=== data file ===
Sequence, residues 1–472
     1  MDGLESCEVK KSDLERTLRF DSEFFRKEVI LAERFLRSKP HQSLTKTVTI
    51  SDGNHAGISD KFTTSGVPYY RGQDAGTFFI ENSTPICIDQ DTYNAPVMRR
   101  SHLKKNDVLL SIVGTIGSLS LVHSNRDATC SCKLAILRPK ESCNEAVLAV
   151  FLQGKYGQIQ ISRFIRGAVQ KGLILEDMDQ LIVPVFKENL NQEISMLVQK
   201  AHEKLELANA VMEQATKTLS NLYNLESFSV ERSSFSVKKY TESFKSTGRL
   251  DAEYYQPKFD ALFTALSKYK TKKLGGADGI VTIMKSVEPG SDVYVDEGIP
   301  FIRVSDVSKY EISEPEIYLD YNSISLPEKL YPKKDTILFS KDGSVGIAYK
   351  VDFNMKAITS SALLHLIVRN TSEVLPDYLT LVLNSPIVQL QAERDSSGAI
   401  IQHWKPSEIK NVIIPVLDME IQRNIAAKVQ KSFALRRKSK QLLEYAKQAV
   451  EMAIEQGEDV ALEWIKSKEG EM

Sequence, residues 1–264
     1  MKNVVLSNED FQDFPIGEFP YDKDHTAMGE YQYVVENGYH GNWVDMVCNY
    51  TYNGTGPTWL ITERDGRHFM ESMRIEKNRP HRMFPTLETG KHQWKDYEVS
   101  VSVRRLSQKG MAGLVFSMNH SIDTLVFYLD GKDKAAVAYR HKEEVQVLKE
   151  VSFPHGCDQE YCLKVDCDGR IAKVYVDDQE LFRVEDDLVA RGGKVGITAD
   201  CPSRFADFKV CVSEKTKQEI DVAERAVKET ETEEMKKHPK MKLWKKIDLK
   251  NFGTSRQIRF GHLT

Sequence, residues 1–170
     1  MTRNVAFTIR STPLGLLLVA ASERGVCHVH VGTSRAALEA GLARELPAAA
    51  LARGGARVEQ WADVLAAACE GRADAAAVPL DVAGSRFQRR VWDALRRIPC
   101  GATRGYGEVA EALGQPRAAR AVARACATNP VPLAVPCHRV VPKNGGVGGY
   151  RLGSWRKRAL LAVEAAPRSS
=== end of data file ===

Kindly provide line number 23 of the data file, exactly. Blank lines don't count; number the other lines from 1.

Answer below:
   151  RLGSWRKRAL LAVEAAPRSS